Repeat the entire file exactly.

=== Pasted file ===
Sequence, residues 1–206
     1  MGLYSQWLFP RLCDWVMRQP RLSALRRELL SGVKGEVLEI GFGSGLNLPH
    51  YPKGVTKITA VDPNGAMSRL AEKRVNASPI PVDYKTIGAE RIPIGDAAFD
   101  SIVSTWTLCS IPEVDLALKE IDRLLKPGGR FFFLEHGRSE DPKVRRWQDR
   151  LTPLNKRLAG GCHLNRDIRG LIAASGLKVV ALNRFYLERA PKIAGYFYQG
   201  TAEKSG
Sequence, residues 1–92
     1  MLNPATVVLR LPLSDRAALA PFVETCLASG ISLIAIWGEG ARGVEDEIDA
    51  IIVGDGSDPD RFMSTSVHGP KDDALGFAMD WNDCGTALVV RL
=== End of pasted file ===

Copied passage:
Sequence, residues 1–206
     1  MGLYSQWLFP RLCDWVMRQP RLSALRRELL SGVKGEVLEI GFGSGLNLPH
    51  YPKGVTKITA VDPNGAMSRL AEKRVNASPI PVDYKTIGAE RIPIGDAAFD
   101  SIVSTWTLCS IPEVDLALKE IDRLLKPGGR FFFLEHGRSE DPKVRRWQDR
   151  LTPLNKRLAG GCHLNRDIRG LIAASGLKVV ALNRFYLERA PKIAGYFYQG
   201  TAEKSG
Sequence, residues 1–92
     1  MLNPATVVLR LPLSDRAALA PFVETCLASG ISLIAIWGEG ARGVEDEIDA
    51  IIVGDGSDPD RFMSTSVHGP KDDALGFAMD WNDCGTALVV RL